we'd still be less than 50 dollars of cost for this delivery. And so that money, which was supplemented to some decree by governments and others, but not as much as we had hoped, is very directly related to this vaccination coverage. What do you think are the major diseases that we're going to have to deal with in the next 25 years? Well, top of the list is certainly AIDS. It's very epidemic. And I don't think it's even recognized how bad the epidemic could become. If you were going to design a bad disease, you probably couldn't do something worse than AIDS. The latency, the fact that you're infected and you don't actually see the health effects till six to eight years later, that causes people not to understand what's going on. Take something like smoking. Say that instead of dying 30 years later of cancer that instead you just dropped dead right then.
People would get the connection. He smoked, he died. That's not good. That's not smoke anymore. Well, AIDS is like that, where you just don't see the impact on a society. If people after, you know, some visiting a sex worker walked out and they just fell on the street, you know, there'd be a pile of bodies there and you'd say, okay, something's going on here. The fact that there's these little epidemics of hemorrhagic fevers, they get incredible publicity, Ebola, Marburg, Lossa, you know, and it's literally in the hundreds of people. But because it's all of a sudden that they die, that gets more visibility, almost than AIDS gets. You know, playing crashes in India and the same day the playing crash, 8,000 kids died of things that could have been prevented. Which gets the coverage? Well, you don't expect coverage every day, but maybe at least once a month,
they ought to just say, by the way, every day this month, we don't want you to forget, just two paragraphs. You know, 8,000 people were dying every day and we'll let you know when it changes, but so far it's been that case for a long, long time. Is it true that in Africa, where children die, respiratory illnesses, than people die of AIDS? Because of this latency, 5 million people were infected this year. And so AIDS will be number one in terms of the cause of death. Infant mortality is still higher. And the biggest piece of infant mortality is acute respiratory infection, generally pneumonia-related diseases. And so they both should be dealt with. In fact, there are vaccines, although they're still very expensive, that can deal with the respiratory problems of infants. Are you looking for a vaccine for malaria? Because malaria kills a lot of people. Yeah, in terms of what's number two, you'd probably put malaria.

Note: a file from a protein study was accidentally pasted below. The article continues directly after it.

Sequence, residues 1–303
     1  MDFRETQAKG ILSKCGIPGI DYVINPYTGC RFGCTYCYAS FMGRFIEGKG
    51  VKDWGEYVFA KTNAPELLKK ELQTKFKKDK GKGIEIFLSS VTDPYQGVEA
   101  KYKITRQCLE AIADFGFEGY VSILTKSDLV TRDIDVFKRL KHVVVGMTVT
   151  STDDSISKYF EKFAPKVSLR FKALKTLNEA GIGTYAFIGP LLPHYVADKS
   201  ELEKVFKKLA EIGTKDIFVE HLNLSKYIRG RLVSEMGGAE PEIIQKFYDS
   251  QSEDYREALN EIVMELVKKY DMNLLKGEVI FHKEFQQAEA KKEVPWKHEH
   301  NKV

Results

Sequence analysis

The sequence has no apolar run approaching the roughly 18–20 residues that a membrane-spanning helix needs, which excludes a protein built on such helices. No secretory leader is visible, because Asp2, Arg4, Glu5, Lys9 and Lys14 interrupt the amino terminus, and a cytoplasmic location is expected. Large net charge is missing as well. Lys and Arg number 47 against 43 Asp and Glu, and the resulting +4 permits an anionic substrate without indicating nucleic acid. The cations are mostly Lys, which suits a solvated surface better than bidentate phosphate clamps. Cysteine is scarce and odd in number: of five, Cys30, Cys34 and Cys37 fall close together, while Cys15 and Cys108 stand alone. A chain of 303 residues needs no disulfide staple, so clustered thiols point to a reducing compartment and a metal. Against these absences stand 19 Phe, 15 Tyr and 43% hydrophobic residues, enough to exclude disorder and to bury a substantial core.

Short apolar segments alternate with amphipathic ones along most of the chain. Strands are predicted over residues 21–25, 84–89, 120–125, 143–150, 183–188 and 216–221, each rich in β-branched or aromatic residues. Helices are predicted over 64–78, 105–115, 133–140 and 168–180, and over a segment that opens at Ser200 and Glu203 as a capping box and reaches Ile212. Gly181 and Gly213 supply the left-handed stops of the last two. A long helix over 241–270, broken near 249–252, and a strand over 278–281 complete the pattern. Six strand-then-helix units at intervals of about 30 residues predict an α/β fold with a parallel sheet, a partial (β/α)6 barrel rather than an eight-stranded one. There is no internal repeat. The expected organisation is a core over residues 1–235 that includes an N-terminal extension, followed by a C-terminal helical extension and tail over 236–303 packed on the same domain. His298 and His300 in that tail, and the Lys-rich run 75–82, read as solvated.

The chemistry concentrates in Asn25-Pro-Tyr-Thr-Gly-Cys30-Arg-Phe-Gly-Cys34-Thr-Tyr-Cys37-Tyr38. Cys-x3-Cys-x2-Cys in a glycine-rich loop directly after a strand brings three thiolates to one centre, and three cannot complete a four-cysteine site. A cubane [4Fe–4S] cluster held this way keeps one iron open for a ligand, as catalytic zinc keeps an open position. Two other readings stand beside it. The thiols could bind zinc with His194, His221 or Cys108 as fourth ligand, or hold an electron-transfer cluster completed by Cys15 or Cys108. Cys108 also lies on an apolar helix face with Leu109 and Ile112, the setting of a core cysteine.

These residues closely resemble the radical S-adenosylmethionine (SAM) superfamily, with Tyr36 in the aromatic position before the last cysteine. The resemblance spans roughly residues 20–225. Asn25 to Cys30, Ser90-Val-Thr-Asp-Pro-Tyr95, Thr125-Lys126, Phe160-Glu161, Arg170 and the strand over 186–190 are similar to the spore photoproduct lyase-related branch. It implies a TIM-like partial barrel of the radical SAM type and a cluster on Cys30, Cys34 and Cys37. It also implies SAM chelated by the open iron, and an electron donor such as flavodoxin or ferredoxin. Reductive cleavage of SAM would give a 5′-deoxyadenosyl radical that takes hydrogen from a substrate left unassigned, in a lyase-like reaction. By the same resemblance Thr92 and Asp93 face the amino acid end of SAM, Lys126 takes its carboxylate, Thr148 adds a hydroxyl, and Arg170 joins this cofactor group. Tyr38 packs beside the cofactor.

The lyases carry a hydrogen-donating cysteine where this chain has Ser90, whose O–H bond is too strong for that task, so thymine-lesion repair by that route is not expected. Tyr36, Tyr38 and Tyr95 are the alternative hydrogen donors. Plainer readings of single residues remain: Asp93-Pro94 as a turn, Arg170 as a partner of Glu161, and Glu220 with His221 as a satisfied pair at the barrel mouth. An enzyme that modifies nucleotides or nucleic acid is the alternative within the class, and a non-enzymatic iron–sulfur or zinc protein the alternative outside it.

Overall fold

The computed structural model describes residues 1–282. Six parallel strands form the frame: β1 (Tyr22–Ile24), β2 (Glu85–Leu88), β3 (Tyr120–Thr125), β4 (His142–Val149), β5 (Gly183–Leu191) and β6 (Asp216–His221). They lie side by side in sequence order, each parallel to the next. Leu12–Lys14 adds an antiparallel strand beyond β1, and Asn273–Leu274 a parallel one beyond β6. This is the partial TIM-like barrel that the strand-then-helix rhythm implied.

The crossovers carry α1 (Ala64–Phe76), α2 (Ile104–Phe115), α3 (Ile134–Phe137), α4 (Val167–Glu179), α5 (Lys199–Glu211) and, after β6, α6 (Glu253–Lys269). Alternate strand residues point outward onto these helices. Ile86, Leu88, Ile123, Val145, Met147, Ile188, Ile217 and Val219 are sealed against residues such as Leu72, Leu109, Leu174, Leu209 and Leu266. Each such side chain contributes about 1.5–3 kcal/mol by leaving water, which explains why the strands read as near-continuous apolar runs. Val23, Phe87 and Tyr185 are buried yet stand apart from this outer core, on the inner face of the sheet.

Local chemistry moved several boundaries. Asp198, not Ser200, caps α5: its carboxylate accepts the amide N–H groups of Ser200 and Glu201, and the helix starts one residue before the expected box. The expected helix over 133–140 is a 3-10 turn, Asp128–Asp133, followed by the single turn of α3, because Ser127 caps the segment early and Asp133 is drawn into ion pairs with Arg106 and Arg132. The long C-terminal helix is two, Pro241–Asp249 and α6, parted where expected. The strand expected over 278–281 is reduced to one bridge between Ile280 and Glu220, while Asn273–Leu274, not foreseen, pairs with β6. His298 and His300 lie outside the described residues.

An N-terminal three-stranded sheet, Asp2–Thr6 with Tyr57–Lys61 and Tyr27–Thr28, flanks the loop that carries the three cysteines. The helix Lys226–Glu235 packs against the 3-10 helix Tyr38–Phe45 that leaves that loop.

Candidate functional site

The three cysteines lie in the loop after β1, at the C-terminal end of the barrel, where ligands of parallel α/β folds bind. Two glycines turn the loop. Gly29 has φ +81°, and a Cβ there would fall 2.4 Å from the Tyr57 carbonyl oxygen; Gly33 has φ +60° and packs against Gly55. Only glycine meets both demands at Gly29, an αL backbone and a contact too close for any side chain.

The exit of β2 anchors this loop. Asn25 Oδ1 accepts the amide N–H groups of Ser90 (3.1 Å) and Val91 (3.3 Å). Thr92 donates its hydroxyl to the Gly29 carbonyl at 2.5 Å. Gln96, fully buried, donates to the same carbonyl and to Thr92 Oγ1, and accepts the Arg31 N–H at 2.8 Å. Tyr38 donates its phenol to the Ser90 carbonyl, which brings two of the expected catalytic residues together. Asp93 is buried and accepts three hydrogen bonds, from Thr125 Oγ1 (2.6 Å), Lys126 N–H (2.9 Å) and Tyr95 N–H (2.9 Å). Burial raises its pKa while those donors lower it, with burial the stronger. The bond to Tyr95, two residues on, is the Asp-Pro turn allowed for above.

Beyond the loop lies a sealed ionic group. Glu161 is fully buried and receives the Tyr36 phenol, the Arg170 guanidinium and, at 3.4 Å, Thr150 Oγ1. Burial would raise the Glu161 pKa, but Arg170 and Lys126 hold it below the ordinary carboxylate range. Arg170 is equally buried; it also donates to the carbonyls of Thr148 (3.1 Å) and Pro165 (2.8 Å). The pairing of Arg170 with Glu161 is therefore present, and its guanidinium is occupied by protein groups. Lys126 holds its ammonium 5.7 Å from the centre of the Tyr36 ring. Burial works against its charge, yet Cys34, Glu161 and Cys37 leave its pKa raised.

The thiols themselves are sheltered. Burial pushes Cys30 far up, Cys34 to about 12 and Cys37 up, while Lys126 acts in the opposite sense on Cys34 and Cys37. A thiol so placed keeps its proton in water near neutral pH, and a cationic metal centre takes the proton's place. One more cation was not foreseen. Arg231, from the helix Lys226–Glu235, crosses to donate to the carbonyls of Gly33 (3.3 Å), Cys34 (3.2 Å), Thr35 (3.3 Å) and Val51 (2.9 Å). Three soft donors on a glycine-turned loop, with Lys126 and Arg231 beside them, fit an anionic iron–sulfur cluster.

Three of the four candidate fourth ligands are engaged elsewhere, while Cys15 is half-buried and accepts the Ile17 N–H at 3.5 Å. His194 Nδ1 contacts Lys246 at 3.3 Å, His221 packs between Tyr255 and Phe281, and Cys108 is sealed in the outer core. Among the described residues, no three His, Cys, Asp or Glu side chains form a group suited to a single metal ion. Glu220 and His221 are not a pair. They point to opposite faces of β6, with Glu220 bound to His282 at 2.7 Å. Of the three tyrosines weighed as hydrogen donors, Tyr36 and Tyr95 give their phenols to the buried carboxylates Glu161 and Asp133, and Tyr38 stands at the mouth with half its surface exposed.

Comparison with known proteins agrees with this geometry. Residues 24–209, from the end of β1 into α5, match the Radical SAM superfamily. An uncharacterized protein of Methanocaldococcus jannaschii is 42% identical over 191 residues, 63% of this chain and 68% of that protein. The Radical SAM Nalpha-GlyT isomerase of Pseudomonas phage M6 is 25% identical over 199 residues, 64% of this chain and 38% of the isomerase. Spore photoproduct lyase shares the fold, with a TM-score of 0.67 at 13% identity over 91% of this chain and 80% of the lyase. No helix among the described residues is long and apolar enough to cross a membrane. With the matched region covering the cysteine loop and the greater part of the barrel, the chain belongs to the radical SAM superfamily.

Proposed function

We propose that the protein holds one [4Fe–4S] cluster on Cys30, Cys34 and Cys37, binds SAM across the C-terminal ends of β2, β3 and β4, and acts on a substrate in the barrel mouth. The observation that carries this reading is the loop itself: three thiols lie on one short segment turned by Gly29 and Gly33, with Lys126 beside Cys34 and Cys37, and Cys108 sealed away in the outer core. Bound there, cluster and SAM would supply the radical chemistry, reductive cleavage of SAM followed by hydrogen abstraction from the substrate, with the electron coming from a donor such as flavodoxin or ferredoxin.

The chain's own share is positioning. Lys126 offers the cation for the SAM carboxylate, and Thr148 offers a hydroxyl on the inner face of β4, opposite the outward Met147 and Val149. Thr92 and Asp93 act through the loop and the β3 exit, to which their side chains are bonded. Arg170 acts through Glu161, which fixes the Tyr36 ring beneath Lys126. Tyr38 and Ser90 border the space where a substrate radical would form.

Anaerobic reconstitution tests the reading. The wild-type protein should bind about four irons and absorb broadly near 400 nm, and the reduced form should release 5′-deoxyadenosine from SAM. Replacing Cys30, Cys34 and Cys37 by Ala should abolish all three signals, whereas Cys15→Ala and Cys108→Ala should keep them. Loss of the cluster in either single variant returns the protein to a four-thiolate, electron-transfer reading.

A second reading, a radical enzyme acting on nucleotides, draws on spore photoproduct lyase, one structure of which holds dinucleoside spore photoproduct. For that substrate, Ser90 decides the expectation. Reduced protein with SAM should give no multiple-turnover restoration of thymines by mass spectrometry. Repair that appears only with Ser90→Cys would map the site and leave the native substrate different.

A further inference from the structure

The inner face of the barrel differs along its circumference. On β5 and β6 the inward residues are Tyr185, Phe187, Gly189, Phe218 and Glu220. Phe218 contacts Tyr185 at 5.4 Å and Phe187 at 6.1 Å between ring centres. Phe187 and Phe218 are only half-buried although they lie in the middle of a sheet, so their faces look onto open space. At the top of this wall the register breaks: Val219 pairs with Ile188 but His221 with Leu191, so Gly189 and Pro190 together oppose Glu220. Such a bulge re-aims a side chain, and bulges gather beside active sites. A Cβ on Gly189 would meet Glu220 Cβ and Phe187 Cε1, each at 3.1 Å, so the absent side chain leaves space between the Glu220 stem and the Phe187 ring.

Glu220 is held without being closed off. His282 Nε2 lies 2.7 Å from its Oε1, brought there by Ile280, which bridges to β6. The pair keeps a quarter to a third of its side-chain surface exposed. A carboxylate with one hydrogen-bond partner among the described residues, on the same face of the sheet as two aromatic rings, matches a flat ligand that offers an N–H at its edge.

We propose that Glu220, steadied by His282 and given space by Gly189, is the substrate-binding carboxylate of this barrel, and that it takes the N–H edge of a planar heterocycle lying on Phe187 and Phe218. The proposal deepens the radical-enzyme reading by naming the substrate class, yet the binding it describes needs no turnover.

Malaria not only kills a million people of year, but at any time, there's 300 million people who are being debilitated by the disease. And if you took the top 10 diseases that are really troublesome in Africa, a lot of them, you wouldn't know the names of. I mean, you know, life's maniasis, just osomiasis. Even something like tracoma that wouldn't make the top 20. It's you get an infection in your eye, and you start itching, and it's the leading cause of preventable blindness, because eventually you itch, and your eye turns in, and you lose your sight. And yet, you know, zythromax is this antibiotic that if you give it, actually can prevent the disease. And if you get enough people taking it, then you stop the spread of that disease. And yet it doesn't, it wouldn't make the top 20. You think that we'll find a vaccine to malaria. Some people say it's impossible. Absolutely. Such a complex disease. No doubt. You know, a personal ominoptumus.
So I should explain that. But with malaria, there is a innate immunity. That is, if you get the disease, you are, it's very, except for different strains. You don't get it again. And so the immune system clearly does recognize something in the course of that disease. And so all we have to do is take the sequencing information and try and find out what that is. And I'd say quite, certainly within the next 20 years, and ideally in the next 10, we'll have a good vaccine for malaria. In business, the market kicks you in the pants if you make a mistake. In philanthropy, some of your mistakes are celebrated because you gave the money and nobody ever came back to ask what happened. We have to be really brutal with ourselves on this. We don't make mistakes. But then again, you've got to take risks. I mean, that's one of the things that philanthropists can do that governments aren't as well-suited to do.